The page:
Sparklight$42 – $99.75*Check Availability
Xfinity$30.00/mo. – $89.99/mo.Check Availability
ProviderSpectrum
Starting Price$59.99/mo. – $99.99/mo.
Check Availability
ProviderCox
Starting Price$50/mo.
Check Availability
ProviderSuddenlink
Starting Price$105.00/mo.
Check Availability
ProviderSparklight
Starting Price$42 – $99.75*
Check Availability
ProviderXfinity
Starting Price$30.00/mo. – $89.99/mo.
Check Availability

Pricing, speeds, offers, and availability vary by service address and are subject to change at any time. Additional fees, taxes, and terms may apply. As of 03/11/22.

Let’s look at the costs you can expect to pay for live TV streaming:

ProviderPrice Range
YouTube TV$64.99/mo.
Hulu + Live$69.99 to $75.99/mo.
Philo$25/mo.
fuboTV$64.99 to $74.99/mo.
Sling TV$35 to $50/mo.
Pricing, speeds, offers, and availability vary by service address and are subject to change at any time. Additional fees, taxes, and terms may apply. As of 03/11/22.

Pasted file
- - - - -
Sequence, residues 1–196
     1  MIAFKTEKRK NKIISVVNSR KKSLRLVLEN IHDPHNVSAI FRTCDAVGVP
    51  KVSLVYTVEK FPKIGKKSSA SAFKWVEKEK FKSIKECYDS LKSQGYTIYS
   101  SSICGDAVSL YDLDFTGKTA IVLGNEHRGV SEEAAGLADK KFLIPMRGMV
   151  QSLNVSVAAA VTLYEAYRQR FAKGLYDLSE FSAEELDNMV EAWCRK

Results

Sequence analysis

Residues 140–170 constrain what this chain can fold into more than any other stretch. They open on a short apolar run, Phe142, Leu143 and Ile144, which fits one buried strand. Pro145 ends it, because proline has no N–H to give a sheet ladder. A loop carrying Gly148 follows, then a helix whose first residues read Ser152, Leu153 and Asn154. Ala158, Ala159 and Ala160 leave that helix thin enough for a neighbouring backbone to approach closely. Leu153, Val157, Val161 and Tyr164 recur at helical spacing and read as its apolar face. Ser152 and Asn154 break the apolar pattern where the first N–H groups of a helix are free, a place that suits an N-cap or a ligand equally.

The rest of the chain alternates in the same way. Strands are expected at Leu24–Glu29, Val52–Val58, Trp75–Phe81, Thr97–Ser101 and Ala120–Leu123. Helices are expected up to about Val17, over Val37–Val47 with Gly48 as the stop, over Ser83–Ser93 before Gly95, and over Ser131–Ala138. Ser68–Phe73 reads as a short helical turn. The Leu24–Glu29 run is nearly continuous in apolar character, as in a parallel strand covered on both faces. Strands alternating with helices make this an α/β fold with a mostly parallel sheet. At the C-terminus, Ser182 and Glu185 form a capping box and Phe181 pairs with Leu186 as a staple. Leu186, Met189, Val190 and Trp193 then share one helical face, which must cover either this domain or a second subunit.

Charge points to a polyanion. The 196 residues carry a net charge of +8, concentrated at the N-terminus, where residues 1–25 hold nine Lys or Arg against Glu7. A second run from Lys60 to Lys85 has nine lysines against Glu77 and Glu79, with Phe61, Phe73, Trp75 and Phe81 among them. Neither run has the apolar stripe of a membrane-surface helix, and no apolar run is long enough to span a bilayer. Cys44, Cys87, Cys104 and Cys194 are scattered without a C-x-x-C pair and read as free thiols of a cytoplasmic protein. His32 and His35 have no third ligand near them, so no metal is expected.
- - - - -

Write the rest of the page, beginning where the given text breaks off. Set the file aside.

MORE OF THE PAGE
ProviderYouTube TV
Price Range$64.99/mo.
ProviderHulu + Live
Price Range$69.99 to $75.99/mo.
ProviderPhilo
Price Range$25/mo.
ProviderfuboTV
Price Range$64.99 to $74.99/mo.
ProviderSling TV
Price Range$35 to $50/mo.
Pricing, speeds, offers, and availability vary by service address and are subject to change at any time. Additional fees, taxes, and terms may apply. As of 03/11/22.

On Demand streaming subscriptions without live TV options are even cheaper—ranging from $5.99/mo. for Hulu with ads to $17.99/mo. for Netflix.

If price is your deciding factor, streaming will almost always be the winner. And, they typically don’t charge broadcast or equipment fees (but you will need a streaming device) nor are there usually required contracts or regular price hikes. It’s a great option for the budget-conscious.